.”..Restorative justice has been practiced in Black and Indigenous communities for a long, long, long, long time. Even before colonization got here, right?”
John Ducksworth was born in Harlem, USA attending the New York City Public school system. He has acquired an Associate Degree from Dutchess Community College, a Bachelor’s degree in Liberal Arts from State University of New York, a Master’s Degree in Professional Studies from New York Theological Seminary with a concentration in counseling and a Master’s Degree in Public Administration from John Jay College of Criminal Justice with a concentration in management and organization.
Camille Jacobs is a progressive educator, restorative thought leader, and agent for social change. Her empathy and introspection are the driving force behind her new and imaginative approaches to building strong and healthy communities. Currently serving as an Assistant Principal in New York City, Camille has spent the last sixteen years advocating for students with a niche in finding creative and restorative ways when helping young people succeed.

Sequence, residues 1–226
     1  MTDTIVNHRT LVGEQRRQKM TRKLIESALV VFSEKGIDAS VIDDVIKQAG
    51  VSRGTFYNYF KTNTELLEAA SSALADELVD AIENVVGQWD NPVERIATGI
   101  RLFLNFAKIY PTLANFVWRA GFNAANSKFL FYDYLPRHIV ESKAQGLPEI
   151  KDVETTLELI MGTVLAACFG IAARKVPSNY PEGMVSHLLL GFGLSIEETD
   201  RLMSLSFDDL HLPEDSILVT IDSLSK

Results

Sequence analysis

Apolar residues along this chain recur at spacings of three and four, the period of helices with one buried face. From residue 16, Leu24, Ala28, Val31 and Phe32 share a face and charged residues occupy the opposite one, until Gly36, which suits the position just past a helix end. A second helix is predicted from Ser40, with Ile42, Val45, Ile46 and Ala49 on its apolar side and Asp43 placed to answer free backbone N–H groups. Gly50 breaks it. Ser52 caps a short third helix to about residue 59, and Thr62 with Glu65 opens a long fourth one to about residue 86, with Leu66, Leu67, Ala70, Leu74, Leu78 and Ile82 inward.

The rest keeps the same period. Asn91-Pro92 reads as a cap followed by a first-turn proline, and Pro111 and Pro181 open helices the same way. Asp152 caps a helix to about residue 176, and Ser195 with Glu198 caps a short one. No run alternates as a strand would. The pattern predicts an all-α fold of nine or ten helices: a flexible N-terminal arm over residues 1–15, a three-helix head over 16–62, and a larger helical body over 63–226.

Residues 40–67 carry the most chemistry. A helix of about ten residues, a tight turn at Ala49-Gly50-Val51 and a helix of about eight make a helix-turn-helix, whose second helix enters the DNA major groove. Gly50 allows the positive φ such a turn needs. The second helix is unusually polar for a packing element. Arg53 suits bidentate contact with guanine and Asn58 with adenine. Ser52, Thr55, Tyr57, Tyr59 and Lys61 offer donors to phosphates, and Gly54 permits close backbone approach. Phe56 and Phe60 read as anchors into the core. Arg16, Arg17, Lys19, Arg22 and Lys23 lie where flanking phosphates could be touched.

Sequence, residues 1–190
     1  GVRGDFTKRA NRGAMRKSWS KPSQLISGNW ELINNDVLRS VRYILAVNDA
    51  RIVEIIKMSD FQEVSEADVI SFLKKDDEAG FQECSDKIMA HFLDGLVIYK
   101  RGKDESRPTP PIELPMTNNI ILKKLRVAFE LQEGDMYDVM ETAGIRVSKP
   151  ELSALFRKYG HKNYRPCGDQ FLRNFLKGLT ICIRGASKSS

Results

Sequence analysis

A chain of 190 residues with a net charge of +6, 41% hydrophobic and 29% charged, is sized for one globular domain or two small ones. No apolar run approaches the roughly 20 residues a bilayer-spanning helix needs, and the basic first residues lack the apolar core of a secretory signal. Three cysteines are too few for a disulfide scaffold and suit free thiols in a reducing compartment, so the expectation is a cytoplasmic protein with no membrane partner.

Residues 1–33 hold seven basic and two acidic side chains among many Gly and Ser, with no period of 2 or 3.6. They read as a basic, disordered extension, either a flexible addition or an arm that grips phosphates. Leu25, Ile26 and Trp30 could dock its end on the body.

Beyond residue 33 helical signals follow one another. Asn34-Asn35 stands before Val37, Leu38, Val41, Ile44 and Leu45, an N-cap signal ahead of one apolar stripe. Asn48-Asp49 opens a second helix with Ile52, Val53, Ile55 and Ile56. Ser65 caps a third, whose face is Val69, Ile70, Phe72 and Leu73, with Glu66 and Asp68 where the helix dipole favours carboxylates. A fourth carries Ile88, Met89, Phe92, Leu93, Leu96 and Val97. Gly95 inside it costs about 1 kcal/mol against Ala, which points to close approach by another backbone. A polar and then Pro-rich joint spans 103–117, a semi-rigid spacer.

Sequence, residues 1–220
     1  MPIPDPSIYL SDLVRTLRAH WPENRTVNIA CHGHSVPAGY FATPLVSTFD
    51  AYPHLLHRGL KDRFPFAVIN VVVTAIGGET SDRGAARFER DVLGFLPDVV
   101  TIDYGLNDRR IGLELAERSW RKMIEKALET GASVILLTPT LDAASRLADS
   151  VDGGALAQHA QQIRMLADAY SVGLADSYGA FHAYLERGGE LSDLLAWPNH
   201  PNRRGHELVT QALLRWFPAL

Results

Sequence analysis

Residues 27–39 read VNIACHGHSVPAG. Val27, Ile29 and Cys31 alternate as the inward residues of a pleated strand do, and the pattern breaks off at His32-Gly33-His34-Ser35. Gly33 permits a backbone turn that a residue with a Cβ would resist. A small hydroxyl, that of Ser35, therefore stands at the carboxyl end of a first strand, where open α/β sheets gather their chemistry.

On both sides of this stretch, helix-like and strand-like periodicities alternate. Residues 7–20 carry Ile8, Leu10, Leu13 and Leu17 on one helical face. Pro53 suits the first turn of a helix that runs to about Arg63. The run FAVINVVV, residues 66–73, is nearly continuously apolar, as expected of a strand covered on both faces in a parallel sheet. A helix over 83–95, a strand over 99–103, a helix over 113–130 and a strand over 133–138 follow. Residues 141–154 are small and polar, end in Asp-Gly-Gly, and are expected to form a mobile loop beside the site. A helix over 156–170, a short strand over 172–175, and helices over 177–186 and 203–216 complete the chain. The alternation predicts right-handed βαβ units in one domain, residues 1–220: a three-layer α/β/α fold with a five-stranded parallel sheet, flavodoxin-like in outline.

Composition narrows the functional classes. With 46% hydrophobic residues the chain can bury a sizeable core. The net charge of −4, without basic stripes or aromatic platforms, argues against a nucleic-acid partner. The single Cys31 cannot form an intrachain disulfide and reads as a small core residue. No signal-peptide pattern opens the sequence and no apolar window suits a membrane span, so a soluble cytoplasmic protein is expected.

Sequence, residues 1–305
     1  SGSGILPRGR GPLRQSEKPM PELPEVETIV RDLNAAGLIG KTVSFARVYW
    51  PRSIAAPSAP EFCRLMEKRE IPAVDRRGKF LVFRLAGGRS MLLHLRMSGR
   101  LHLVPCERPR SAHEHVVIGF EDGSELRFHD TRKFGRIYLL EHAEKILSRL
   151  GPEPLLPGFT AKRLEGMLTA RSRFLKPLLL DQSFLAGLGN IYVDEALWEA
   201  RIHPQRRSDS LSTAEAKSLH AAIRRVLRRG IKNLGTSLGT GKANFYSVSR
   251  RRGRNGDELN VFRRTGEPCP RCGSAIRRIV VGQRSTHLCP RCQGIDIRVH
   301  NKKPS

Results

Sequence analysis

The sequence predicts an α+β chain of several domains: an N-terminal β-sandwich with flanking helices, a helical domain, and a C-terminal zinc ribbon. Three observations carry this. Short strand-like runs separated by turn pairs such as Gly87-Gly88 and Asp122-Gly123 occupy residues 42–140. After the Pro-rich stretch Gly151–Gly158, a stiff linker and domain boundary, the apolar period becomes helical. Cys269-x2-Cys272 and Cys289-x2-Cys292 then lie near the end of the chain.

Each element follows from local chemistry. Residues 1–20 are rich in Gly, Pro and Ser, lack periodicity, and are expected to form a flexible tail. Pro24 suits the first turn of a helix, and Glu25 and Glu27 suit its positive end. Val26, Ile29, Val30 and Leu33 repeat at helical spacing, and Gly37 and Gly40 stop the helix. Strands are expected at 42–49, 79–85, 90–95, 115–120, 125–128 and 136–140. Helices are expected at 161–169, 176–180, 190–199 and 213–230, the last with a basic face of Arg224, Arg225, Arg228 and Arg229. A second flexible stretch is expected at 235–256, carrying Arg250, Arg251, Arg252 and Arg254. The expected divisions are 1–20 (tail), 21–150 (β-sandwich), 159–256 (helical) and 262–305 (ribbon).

Every few months we will feature an interview with a restorative practitioner to uplift the folks doing the work on the ground in our communities, highlight original and emerging applications for restorative justice, and provide a better understanding of restorative practices as applied in different contexts. First up, we have Cecilia B. Loving!
But at RJI, we are committed to sustaining an ecosystem for many types of restorative practices in NYC to spread. This means supporting dozens of organizations and hundreds of local restorative justice leaders.
I believe that circles can be a powerful space in which Americans can build trust and connection with one another, affirm their core values and enhance their understanding of racism, xenophobia, homophobia, transphobia and other forces that are deployed to tear our communities apart. Perhaps most importantly, circles can also be a space in which we learn how to take action to counter these forces and foster a culture of belonging in the communities where we live and work.